Professor Stephen Philip Cohen, pioneer of South Asian security studies, who passed away on Oct 28 in the United States, will be remembered with affection and respect across a region that he explored and researched for more than 50 years.
In a recent interview, the long-time professor of political science at the University of Illinois Urbana-Champaign recalled that he had begun studying India as a young graduate student in 1964 in the larger context of the geopolitics of Asia.
He had then argued that India could consider acquiring nuclear weapons. This view was a very unorthodox one at that time.
Steve, as he preferred to be called, did refine his views about regional strategic developments over the years. In many ways, his professional trajectory corresponded with the vagaries and contradictions that formed the substance and subtext of the complex, and often troubled, relationship between India and the US.
The bilateral dynamic moved from deep estrangement over security interests to cautious engagement in the 1974-2008 period.
For those of us who were growing up in India in the 1970s, the dissonance in the India-US relationship was an article of faith.
Many of us internalised the image of the “ugly American”, as distilled from the Vietnam War and the US stance in the 1971 Bangladesh war, even though we were embarrassed about the food aid that India got from the US.
It was against this backdrop that my association began with Steve in Dec 1990 at a track 1.5 meeting, when the Cold War was in its last stages. Prime Minister Chandra Shekhar had just assumed office in a wobbly manner in November and the US was preparing for the liberation of Kuwait from Iraq.
Coordinating myriad activities
At that time, I was a young researcher at the Institute for Defence Studies and Analyses (IDSA). The institute had been nominated as the nodal point for this meeting, and one was the equivalent of the ship’s cat and a multi-tasked novice sherpa for this interaction in distant Khadakwasla.
This was a period when there were no cell phones or computers. And one moved on foot/bus/two-wheeler from Sapru House (the then IDSA office) to South Block to coordinate myriad activities.
As I shuttled from one meeting to another to receive and relay agenda points, the most useful input given to me by a senior diplomat was that there would be banana peels and mishaps on both sides. But if there was a logjam, I was to contact a professor Steve Cohen — who was part of the US team.
This was the beginning of a long and fruitful association. Fortuitously for me, it transpired that Steve had spent a brief year at the Andhra University in Visakhapatnam on a research project in the mid-1970s.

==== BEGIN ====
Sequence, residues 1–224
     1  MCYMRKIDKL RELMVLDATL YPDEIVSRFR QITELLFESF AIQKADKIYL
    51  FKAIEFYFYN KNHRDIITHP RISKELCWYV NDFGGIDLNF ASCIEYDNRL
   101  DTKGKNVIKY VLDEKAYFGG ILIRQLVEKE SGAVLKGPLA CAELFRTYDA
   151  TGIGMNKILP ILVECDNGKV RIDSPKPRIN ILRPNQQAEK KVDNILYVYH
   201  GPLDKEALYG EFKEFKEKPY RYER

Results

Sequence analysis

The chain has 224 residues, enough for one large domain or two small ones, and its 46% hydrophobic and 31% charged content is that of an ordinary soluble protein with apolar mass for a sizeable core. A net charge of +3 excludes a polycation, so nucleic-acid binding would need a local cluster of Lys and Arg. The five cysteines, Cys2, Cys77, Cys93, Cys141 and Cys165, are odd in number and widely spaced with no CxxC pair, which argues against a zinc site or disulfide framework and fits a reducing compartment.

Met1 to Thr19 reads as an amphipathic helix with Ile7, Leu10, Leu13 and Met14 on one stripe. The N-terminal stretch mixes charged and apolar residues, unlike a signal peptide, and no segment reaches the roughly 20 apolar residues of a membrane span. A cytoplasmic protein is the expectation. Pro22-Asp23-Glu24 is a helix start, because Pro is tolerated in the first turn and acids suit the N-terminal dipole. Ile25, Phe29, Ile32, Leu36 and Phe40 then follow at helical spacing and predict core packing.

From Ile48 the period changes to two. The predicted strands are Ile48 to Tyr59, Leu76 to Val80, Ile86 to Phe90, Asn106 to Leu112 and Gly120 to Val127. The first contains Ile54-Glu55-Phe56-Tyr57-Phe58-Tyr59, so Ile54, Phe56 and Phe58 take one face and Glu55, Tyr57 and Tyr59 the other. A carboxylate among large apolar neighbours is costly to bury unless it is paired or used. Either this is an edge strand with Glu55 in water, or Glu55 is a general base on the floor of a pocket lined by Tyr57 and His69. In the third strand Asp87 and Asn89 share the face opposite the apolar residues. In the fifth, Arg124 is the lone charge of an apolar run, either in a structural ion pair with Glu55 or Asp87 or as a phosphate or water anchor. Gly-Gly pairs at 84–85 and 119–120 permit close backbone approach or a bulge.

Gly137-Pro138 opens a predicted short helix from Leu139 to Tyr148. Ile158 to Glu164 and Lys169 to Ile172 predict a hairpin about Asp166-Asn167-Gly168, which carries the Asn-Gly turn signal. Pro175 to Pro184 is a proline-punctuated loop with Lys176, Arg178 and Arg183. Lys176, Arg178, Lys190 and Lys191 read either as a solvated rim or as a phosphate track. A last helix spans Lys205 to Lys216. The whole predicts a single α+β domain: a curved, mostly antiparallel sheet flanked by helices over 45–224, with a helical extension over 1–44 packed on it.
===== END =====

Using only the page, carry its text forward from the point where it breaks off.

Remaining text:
When he learnt of my local roots there, he jokingly added that he was considered to be a US agent engaged in espionage.
Steve did some seminal work on the Pakistan army, and enjoyed access at the highest levels including General Zia-ul Haq – a proximity that caused unease and conjecture in Delhi that he was pro-Pakistani and hence anti-Indian. But his later work focused on India and the US’ South Asia policy.
As author-editor of 12 major books and numerous journal articles, Steve groomed scores of young students and policymakers from the region, even as he created space for South Asian security studies in US academia. The more-acclaimed scholars mentored by him include Sumit Ganguly, Kanti Bajpai and Christine Fair among others.
Popular weekly roundtables
Steve also served in government as part of the Policy Planning Staff of the US State Department. He later moved to the Brookings Institution, where he was the South Asian guru whose weekly roundtables were very popular for both researchers and policymakers.
In later years, one recalls a more reflective Steve who had helped create and irrigate a robust ecosystem for South Asian security studies in the US, India, Pakistan and Sri Lanka.
My last meeting with him was at the Cosmos Club in Washington DC a few years ago, where he was physically frail but mentally very alert. Steve reminisced about Delhi, the IDSA and how he both dreaded and looked forward to his meetings with the legendary doyen of Indian strategic studies, and father of the current external affairs minister S Jaishankar, the late K Subrahmanyam, adding: “For a young American scholar, going to Sapru House was like walking into the lion’s den but it was valuable.”
Reading the tea leaves
In December 1990, the agenda for the Khadakwasla bilateral was about a changing Asia and the profile of China. The latter body of Steve Cohen’s work dwelt on this strand in relation to India-Pakistan discord.
In a 2011 essay, he noted perceptively: “India’s reluctance to compromise with a failing Pakistan notwithstanding, China would have every reason to oppose normalisation and it could probably offer Pakistan more reason not (emphasis original) to settle than India could offer Pakistan to settle.”
Clearly, Steve Cohen was reading the regional tea leaves in a very astute and insightful manner from his graduate days in the mid-1960s to the current times, even as regional geo-politics has transmuted from the binary of the Cold war to the messy flux it has now morphed into. RIP Professor Cohen.
C Uday Bhaskar is director, Society for Policy Studies, New Delhi. HINDUSTAN TIMES